If only they would have bought Alaska instead of America’s worst legacy airline US Air.

  32. @truthintravel misrepresents the Norwegian Air offering JFK-CPH. Having done that exact route earlier this year, I must point out that the low fare quoted excludes checked baggage, seat allocation, meals, headphones, blanket, etc, It is truly a LCC! However the Premium deal offered is much better; better than some true Premium Economy products, but is 3-4 times dearer than the bare bones Saver option.
    Biggest benefit is that it is a non-stop flight, and newish Dreamliners.

  33. So a lot of the commentary seems to be that this was inevitable because QF, CX, SQ, LH, AF and other airlines have similar products. Are any of those airlines doing well financially? It doesn’t seem like a great batch to follow from a business perspective.

  34. How about if domestic upgrade rules apply to international PE upgrades – like free for EXP 96 hours out, and Plat and Gold add 500-upgrade segments.
    Then SWUs (EXP only anyway) go to J.

    Viewfromthewing indicated (I believe) that Suzanne Rubin indicated that AA was going to do some things with upgrades to counter copying DL and UA on RDM earning.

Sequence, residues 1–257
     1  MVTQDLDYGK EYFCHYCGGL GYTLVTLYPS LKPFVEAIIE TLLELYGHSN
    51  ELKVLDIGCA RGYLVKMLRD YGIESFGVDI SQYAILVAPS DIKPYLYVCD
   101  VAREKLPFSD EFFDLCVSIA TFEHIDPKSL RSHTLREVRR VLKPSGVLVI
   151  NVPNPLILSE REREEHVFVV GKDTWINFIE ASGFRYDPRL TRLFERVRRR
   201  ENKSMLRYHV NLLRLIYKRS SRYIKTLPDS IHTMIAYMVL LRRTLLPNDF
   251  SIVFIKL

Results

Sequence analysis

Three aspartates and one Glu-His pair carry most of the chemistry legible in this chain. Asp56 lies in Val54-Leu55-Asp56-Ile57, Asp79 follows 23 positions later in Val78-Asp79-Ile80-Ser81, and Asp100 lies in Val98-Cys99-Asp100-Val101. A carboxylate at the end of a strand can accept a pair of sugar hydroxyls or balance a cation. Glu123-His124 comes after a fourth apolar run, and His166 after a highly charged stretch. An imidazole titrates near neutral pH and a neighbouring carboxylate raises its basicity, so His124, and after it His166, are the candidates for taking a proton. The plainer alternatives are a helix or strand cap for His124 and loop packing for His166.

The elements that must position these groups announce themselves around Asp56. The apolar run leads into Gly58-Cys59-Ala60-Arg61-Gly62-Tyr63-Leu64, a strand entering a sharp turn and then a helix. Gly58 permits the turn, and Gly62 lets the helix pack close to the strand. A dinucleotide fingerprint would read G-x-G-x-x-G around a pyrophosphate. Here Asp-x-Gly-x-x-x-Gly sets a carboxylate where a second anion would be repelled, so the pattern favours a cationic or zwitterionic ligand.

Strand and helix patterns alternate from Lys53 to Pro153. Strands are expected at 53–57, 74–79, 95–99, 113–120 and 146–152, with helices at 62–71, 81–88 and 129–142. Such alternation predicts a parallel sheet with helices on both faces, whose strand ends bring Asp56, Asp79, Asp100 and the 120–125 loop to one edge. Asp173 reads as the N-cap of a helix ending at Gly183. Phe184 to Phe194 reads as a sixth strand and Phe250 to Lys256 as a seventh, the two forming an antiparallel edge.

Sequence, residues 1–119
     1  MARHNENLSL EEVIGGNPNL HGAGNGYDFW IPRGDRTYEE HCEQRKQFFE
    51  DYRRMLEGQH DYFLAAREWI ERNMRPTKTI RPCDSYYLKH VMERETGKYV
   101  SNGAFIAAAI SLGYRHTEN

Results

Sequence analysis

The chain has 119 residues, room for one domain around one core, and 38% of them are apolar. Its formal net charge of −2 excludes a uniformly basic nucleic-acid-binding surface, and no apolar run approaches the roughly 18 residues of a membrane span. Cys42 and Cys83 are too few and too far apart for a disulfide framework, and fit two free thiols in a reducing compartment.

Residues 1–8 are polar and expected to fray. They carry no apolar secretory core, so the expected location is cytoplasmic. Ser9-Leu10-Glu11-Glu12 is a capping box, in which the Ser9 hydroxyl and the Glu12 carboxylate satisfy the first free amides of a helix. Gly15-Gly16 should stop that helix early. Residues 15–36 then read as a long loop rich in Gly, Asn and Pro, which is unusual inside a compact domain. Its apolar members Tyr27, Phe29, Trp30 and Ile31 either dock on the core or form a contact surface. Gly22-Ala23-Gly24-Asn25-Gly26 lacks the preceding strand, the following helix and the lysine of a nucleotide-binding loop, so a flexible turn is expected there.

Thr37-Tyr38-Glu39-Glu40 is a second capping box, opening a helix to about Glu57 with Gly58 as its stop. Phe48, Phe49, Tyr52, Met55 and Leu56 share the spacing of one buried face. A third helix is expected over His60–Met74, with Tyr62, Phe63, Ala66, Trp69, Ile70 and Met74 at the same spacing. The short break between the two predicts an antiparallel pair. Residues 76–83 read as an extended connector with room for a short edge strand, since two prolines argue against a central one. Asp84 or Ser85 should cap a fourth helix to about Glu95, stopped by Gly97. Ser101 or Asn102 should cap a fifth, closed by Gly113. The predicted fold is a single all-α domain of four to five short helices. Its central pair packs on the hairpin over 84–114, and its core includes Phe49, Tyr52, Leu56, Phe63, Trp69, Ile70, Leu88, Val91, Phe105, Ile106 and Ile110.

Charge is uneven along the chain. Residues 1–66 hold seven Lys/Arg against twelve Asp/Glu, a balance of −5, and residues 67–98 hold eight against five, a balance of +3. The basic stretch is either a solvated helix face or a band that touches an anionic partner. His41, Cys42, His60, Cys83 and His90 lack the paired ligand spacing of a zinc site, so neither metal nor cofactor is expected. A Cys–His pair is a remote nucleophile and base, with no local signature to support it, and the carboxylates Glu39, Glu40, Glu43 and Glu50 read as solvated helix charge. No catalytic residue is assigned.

35. @Randy
    Another blog has reported that the AA configuration includes only 3 rows (21 seats) in PE. That will leave 4 SWUs per EP chasing max of 21 PE seats, while currently we have 8 SWUs per EP chasing max of 44 to 52 J seats. The ratio of available seats to issued SWUs will actually get worse. Since the US Air group was converted to EP and received SWUs it has become very rare for an SWU to clear. Better to have 4 SWUs with some chance of clearing, than 8 useless SWUs.

  36. A little bit of wishful thinking – AA creates a new Super Upgrade, issued at the 150K level that upgrades from Y to J or from PE to F. As long as I’m being unrealistic, why not clear them @ booking so long as 2 seats will remain available for sale after clearing the Super Upgrade.

  37. So we hear all the grumblings about leaving AA. One question: WHERE ARE YOU GOING TO GO?. As you sail over to DL and UA, the lube trucks are pulling into their HQ’s to meet you all…and these trucks are full!!

  38. QF allow upgrades from Y to J, but is tough to score one as PE and status gets you priority. Also other factors include fare paid and the points required is much higher from Y to J than PE to J. I think AA will follow the QF route.
    Also heard AA are pouring Penfolds Grange in F on their new Syd/Lax route, wow, they are really trying to make a statement.

  39. This product looks terrible at that price point. Maybe I would pay an extra $200 rt for this but probably I would just stick to extra. Could care less about food or headphones, literally worth zero in my book.

  40. @dean LH has a so-called SWU for HON circle only. AC has eUps, equivalent to SWU but there is no CPU for AC elites.